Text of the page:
Monday, May 8, 2017

Pied-billed Grebe (and trailing flock) at the San Luis National Wildlife Refuge

During the winter, bird watching at our Great Valley refuges is relatively straightforward. There are thousands, even tens of thousands of migratory geese and cranes, and one can look practically any direction and see all manner of large charismatic bird species. At other times of the year it can be a bit of a challenge. A great many summer residents have arrived and they are having babies, and it makes sense that they would want to be inconspicuous until the chicks are grown enough to fend for themselves.

We were at the San Luis National Wildlife Refuge last week and made a stop at the nature trail near the visitor center. At first glance not much was moving. At that point the value of binoculars or a powerful zoom lens became apparent. I saw something moving in the brown vegetation in the center of the picture above. I could barely make it out.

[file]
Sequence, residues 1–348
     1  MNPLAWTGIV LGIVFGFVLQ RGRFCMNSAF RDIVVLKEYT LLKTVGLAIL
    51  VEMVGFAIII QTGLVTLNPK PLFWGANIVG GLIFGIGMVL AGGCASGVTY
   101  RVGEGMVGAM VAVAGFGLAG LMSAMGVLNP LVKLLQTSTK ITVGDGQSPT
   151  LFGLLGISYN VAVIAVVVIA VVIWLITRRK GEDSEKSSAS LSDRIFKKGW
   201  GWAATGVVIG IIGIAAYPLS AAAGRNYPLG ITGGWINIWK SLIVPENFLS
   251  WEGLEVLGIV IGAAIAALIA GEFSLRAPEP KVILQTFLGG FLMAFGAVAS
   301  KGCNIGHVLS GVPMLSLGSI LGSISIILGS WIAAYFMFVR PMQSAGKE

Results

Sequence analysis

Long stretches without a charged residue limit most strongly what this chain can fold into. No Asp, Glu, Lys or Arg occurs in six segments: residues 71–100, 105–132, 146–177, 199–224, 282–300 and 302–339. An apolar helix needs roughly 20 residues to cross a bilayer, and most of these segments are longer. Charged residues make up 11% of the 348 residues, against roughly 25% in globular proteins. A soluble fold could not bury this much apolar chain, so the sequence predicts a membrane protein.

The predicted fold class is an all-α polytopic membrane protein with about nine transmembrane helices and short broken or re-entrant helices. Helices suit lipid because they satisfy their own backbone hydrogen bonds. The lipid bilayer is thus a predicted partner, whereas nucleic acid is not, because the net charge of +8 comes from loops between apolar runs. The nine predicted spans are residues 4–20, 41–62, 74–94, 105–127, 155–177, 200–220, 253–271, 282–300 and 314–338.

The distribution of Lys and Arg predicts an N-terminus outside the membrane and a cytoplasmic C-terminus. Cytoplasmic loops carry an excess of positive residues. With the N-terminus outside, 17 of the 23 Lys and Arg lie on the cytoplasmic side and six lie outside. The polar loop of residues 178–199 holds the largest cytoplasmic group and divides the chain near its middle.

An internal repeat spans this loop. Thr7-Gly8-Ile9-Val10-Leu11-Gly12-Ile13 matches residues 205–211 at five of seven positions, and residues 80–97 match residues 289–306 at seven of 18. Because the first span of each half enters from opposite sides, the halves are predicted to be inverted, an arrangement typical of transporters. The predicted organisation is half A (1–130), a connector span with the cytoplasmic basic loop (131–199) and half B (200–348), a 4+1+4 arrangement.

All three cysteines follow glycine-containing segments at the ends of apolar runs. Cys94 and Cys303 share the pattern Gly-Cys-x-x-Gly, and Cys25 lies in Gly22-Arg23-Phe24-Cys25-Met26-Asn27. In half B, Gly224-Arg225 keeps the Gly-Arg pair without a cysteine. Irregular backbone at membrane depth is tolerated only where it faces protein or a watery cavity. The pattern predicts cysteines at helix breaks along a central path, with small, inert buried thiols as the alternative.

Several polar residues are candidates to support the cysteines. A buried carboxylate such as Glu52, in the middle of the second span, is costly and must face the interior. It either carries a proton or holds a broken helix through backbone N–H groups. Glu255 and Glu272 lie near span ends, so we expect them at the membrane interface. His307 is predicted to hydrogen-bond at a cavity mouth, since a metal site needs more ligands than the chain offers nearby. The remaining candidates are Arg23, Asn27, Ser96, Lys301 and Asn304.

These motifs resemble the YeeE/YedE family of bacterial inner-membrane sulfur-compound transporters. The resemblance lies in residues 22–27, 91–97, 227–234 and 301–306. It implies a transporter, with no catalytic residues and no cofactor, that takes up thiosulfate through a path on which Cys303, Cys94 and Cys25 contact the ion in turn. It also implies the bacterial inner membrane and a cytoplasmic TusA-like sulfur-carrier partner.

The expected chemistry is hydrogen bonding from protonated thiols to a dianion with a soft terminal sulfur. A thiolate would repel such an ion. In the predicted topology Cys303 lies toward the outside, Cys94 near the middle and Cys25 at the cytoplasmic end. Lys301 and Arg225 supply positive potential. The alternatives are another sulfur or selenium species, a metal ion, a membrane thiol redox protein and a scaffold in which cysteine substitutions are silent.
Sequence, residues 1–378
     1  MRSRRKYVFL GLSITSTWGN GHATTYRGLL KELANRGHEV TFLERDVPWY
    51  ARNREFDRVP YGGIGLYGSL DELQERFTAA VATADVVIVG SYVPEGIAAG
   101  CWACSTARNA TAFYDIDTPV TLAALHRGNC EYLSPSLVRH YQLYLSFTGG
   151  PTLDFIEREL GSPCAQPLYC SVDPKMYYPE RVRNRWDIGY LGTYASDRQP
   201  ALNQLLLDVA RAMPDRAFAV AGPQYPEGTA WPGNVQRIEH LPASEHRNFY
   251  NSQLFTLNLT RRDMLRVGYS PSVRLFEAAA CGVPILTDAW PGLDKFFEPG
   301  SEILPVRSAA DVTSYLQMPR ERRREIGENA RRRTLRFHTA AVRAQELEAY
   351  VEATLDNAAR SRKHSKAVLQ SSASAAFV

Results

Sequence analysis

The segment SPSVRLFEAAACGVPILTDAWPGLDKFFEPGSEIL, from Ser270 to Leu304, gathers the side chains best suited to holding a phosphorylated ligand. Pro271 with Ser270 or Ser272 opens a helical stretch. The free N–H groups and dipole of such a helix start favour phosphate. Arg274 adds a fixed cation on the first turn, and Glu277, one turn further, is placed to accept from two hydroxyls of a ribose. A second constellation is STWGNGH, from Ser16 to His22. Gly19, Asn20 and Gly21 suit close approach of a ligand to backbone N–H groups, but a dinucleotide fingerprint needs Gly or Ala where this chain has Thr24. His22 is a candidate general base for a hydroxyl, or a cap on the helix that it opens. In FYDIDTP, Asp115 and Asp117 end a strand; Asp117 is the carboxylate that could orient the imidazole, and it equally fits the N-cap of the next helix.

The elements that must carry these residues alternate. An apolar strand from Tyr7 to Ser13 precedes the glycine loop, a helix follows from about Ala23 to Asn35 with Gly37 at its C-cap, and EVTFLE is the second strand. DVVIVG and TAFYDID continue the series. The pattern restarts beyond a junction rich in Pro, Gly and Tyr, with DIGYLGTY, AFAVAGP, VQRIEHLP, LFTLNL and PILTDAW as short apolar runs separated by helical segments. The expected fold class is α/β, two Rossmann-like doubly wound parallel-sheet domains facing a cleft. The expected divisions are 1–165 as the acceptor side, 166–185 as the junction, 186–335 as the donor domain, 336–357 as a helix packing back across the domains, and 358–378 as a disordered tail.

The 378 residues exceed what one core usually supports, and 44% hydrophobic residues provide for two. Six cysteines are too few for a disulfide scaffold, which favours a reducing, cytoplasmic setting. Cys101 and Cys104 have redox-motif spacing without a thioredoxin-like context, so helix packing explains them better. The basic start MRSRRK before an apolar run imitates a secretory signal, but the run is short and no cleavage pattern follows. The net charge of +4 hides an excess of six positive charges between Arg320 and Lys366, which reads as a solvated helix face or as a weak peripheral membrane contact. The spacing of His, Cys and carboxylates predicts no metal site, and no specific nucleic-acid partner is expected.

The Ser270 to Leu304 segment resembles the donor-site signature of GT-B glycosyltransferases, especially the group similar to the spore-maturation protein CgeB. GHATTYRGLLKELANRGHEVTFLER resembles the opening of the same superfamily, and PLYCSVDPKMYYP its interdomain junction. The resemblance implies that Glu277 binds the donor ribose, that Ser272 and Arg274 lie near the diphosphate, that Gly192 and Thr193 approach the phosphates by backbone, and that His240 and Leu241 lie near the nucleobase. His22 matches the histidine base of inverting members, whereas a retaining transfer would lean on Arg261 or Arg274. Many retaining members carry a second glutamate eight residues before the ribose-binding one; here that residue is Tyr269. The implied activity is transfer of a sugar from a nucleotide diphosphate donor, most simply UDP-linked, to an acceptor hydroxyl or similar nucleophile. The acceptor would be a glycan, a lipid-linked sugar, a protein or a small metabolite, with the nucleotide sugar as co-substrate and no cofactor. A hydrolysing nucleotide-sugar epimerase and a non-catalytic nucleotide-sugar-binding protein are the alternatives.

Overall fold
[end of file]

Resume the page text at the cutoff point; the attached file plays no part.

It looked like some strange aquatic beast periscoping out of the water. Then there were more of them, and then momma appeared. She was a Pied-billed Grebe (Podilymbus podiceps) with a flock of four chicks!
The Pied-billed Grebes are described as half-bird, half-submarine, given their penchant for constantly diving. They can be very frustrating to photograph for that reason. Invariably, the moment I have one in focus it disappears and reappears somewhere far away.
It's moments like this that I really appreciate a 60x zoom. I was able to see these cute little chicks from probably 150 yards away, get some almost-focused pictures, and I didn't have to disturb them.

No comments:

Post a Comment